China, China, China. The country's prospects, its relations with the rest of the world and its impact on the world economy run through proceedings here at the World Economic Forum like a stick of Brighton rock. Just a little noticed footnote at these meetings of business and political leaders four or five years ago, it is now all pervasive. Everyone's talking about it, no one can ignore it, and like it or not, from China's impact on finite world resources to climate change and the laws of supply and demand, it is transforming the way we live with a speed barely imaginable just a few years ago.
There are a myriad different perceptions of the phenomenon being aired by participants at Davos, the Swiss alpine resort which hosts the WEF annual meeting each year, far too many to rehearse at length here. Yet perhaps one of the most striking comes from Larry Summers, a former US Treasury secretary and now president of Harvard University. He describes the integration of this vast new pool of cheap labour into the world economy as one of the three great economic events of the last millennium - on a par with the Renaissance and the Industrial Revolution.
If the level of excitement, apprehension, confusion and even fear being generated by the Chinese phenomenon here in Davos is anything to go by, he may even be right.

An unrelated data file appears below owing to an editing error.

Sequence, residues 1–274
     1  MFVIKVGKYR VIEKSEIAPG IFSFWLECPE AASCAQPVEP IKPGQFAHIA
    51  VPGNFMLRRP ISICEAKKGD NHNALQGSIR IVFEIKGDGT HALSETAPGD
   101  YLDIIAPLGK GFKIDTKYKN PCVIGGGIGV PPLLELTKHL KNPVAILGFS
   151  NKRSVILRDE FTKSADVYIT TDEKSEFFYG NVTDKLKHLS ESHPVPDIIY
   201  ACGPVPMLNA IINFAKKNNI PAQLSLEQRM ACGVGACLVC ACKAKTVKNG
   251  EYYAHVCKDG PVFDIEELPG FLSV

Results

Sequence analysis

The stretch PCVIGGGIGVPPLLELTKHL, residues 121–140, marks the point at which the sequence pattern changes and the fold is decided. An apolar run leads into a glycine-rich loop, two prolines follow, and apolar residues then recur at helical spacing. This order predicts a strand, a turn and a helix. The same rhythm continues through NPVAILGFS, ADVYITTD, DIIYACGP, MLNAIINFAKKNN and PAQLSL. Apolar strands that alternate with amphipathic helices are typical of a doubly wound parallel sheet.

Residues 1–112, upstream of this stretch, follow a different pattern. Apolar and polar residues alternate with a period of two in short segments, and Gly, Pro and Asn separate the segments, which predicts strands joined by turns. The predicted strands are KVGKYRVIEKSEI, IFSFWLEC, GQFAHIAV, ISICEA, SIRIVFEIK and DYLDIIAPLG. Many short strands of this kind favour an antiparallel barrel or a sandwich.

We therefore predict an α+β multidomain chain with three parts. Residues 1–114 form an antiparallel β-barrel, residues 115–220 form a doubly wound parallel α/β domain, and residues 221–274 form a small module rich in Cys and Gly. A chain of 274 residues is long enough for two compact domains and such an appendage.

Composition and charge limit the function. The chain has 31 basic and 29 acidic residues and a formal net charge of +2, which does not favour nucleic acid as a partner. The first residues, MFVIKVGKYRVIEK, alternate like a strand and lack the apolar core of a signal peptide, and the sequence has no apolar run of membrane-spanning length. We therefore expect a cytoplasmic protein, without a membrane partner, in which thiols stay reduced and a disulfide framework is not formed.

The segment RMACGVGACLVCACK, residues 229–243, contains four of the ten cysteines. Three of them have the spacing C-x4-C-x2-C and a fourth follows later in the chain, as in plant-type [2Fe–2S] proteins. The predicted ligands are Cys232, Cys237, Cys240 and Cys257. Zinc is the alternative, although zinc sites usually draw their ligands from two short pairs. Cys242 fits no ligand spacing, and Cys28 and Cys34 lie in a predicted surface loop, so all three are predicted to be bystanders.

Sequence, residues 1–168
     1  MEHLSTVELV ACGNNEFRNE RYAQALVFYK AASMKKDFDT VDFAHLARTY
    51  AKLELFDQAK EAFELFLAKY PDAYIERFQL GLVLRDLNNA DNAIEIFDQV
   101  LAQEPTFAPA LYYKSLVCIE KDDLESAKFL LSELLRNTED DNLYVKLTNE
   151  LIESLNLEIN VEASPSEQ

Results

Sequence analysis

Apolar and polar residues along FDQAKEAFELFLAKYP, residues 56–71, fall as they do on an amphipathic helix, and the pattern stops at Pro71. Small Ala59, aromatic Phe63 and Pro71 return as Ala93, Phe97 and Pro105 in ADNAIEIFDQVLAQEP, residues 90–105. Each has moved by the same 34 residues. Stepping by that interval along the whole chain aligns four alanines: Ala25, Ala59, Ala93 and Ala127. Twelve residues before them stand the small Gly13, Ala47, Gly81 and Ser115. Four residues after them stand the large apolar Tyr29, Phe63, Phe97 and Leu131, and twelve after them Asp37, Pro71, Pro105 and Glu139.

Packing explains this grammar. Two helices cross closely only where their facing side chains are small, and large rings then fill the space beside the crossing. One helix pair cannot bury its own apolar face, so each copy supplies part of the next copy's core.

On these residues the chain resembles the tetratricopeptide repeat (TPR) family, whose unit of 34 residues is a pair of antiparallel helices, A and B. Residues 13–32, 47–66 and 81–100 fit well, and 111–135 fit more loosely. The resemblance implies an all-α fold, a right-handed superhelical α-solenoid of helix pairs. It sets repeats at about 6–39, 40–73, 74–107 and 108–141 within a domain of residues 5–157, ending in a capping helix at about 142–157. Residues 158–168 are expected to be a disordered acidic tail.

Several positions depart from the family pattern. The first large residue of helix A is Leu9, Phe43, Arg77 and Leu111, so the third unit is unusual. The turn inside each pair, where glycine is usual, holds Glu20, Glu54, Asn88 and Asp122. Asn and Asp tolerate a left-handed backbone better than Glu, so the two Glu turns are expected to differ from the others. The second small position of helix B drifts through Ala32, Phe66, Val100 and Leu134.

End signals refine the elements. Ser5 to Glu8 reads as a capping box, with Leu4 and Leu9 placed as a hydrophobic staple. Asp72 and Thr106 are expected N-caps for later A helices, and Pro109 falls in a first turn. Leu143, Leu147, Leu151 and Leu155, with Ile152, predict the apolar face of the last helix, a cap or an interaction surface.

Much the same thing was said five years ago about the internet, and they presumably cannot both be one of the three. Yet looked at together and as complementary influences, as they should be - for it is the internet, above all else, which is drawing previously closed national economies into an increasingly interdependent world - the claim is perhaps an accurate one.
More on China and India later, but first, what have people been saying about their impact on the world's largest economy, the United States? Is the symbiotic relationship that exists between China and the US, a cornerstone of world economic growth in recent years, remotely sustainable?